OpenWebSearch: Why the EU wants to build a public web index by 2025
If you are looking for something on the web, you google it in the vast majority of cases, and rarely consult Microsoft’s search engine Bing. Some smaller search engines generate their result lists to a large extent using the web indexes from Google (Startpage) or from Bing (DuckDuckGo, Ecosia, MetaGer, Neeva, Qwant, You.com). After Yahoo merged into Bing, there are only two other offers of a comparable size in addition to the two American search indexes. These are Yandex from Russia and Baidu from China, and both have a much lower relevance in the western world.
Microsoft has just shown the search engine operators how big the dependency on Google and Bing is now. In February 2023, the group made its subscription models for the Bing API significantly more expensive, depending on the usage model by three to ten times the previous costs. In addition, scientists such as the American psychologist Robert Epstein have been warning of the Search Engine Manipulation Effect (PDF) since 2015, according to which dominant search engines are able to influence the formation of opinion in a democracy through their result ranking.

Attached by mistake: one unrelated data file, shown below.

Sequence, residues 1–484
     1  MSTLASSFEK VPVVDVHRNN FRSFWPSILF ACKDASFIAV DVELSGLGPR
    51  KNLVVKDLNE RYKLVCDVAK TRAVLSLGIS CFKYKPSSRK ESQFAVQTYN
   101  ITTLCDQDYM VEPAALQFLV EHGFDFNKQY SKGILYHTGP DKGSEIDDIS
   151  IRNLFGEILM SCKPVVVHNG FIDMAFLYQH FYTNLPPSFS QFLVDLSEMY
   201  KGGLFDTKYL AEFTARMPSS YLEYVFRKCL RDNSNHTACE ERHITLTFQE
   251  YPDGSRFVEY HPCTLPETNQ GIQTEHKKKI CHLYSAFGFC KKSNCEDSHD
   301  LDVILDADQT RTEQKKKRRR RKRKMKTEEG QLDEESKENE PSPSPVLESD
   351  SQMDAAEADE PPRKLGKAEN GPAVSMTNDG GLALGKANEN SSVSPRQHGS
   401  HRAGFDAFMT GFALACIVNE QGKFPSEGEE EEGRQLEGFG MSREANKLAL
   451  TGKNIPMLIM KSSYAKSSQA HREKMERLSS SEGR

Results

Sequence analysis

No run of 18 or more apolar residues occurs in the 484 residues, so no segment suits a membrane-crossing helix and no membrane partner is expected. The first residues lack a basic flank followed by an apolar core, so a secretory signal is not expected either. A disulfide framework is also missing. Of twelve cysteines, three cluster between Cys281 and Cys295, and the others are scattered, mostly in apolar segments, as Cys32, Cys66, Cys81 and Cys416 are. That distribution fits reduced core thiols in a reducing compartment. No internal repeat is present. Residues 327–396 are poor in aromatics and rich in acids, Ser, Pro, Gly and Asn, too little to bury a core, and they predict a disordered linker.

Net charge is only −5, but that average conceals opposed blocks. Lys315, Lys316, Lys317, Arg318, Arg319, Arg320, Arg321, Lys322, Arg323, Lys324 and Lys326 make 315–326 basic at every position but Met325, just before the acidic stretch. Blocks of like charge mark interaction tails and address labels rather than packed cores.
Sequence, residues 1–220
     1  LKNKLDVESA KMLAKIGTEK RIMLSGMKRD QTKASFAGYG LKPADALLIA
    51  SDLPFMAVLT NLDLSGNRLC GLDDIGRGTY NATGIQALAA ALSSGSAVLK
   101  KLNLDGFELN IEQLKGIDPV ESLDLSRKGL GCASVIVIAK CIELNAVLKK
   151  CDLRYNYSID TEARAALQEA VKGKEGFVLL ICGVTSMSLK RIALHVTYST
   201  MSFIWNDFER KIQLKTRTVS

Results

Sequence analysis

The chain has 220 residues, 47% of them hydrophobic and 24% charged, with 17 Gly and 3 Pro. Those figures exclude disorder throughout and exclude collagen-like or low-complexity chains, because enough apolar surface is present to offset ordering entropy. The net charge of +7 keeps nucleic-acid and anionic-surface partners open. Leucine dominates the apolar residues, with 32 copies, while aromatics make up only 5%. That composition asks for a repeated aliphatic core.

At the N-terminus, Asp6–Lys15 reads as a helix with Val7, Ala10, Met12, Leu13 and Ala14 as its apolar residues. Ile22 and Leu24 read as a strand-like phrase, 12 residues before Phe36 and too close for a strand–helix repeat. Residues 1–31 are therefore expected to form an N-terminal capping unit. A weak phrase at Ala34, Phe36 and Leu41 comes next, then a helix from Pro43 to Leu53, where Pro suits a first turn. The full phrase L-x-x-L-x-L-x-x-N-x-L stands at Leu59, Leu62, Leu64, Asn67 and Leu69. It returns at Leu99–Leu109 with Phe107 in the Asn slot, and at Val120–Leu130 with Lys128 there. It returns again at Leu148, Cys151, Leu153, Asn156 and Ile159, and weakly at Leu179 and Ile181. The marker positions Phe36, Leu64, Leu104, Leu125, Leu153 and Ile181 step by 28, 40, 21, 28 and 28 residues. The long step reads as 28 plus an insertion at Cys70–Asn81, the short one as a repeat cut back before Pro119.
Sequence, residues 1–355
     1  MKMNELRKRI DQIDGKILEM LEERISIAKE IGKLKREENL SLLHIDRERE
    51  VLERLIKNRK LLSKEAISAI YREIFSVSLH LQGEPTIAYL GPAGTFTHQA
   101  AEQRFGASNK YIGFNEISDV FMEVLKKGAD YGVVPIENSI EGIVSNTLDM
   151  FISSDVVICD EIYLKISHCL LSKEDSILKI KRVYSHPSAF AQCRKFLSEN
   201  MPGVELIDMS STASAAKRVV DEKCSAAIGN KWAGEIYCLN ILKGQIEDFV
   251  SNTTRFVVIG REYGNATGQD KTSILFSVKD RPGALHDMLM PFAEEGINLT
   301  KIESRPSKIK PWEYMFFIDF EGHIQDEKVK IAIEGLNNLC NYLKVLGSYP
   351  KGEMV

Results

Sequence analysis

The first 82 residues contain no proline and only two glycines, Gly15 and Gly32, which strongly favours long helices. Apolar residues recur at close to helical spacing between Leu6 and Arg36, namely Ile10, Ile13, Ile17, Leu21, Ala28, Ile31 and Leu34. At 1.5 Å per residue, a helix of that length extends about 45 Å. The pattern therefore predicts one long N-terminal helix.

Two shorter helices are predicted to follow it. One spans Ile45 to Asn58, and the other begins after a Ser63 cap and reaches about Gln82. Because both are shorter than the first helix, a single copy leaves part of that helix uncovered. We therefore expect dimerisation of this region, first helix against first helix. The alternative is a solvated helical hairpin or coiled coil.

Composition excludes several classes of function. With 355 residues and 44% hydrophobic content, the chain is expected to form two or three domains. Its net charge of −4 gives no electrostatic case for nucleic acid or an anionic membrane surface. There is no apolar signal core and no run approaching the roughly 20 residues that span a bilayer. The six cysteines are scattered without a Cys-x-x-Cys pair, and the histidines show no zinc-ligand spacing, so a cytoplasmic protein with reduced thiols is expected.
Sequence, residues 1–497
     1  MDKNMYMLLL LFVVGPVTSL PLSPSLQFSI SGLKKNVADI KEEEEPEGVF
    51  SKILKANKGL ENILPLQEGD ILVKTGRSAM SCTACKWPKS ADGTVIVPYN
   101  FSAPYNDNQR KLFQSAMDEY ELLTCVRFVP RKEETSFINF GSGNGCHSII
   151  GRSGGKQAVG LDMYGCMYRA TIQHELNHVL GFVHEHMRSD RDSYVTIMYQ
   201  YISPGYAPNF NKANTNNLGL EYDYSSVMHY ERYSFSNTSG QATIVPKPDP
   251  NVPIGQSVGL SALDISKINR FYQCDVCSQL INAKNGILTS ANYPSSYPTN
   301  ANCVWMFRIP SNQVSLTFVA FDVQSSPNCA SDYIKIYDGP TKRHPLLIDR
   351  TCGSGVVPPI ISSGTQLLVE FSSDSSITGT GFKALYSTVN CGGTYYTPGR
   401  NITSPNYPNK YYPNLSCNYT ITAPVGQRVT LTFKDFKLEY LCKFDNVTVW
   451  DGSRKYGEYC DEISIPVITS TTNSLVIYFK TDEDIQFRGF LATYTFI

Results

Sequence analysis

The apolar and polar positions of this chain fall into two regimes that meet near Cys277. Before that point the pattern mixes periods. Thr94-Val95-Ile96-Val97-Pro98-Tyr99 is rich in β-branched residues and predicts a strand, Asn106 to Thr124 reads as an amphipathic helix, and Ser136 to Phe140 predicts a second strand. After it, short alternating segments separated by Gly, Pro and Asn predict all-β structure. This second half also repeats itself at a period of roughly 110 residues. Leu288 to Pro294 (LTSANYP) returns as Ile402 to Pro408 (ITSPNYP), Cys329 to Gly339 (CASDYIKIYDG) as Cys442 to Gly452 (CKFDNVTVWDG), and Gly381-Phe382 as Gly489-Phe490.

But what could you do with a large web index if it were freely available to the public? One could set up alternative search engines or specialized search services for selected topics. Users would have a free choice and could better protect their private user profiles. Linguists could use the data pool of a large web index to track how our language is evolving, and sociologists could observe how we engage with each other on social media. Web services could use it to look for indications of incipient pandemics or other disasters and thus set up an early warning system.